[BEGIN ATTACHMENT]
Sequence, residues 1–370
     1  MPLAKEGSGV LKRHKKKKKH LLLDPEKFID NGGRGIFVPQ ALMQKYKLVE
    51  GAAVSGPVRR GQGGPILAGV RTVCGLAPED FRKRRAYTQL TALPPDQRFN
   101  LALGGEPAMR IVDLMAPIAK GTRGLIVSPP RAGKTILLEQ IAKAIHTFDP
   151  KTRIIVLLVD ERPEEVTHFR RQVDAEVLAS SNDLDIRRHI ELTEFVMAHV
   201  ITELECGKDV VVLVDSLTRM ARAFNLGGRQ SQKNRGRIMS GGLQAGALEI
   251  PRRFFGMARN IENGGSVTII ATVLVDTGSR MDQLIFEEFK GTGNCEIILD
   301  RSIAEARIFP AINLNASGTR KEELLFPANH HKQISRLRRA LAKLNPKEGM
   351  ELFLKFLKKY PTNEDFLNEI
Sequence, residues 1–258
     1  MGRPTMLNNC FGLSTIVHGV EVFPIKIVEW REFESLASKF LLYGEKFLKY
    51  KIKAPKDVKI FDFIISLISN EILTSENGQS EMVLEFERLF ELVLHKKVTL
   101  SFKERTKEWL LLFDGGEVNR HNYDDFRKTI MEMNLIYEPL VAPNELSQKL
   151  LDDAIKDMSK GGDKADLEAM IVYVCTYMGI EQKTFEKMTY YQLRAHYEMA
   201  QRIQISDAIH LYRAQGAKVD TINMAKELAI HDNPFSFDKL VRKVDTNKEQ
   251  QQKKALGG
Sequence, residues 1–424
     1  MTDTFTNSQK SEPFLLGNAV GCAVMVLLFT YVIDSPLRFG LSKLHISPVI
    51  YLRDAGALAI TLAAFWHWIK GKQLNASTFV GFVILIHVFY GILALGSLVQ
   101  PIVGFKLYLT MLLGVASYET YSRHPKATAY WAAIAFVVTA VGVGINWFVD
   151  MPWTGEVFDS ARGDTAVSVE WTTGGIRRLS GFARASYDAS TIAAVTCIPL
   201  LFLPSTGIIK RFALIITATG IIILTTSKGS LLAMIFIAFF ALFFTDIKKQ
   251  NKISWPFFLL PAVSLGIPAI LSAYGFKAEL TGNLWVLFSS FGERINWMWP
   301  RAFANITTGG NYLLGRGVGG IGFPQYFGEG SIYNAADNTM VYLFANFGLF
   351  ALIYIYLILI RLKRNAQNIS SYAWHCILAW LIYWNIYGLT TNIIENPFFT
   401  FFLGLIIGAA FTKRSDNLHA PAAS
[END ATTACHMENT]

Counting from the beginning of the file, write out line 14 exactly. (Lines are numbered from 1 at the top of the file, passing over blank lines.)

   151  LDDAIKDMSK GGDKADLEAM IVYVCTYMGI EQKTFEKMTY YQLRAHYEMA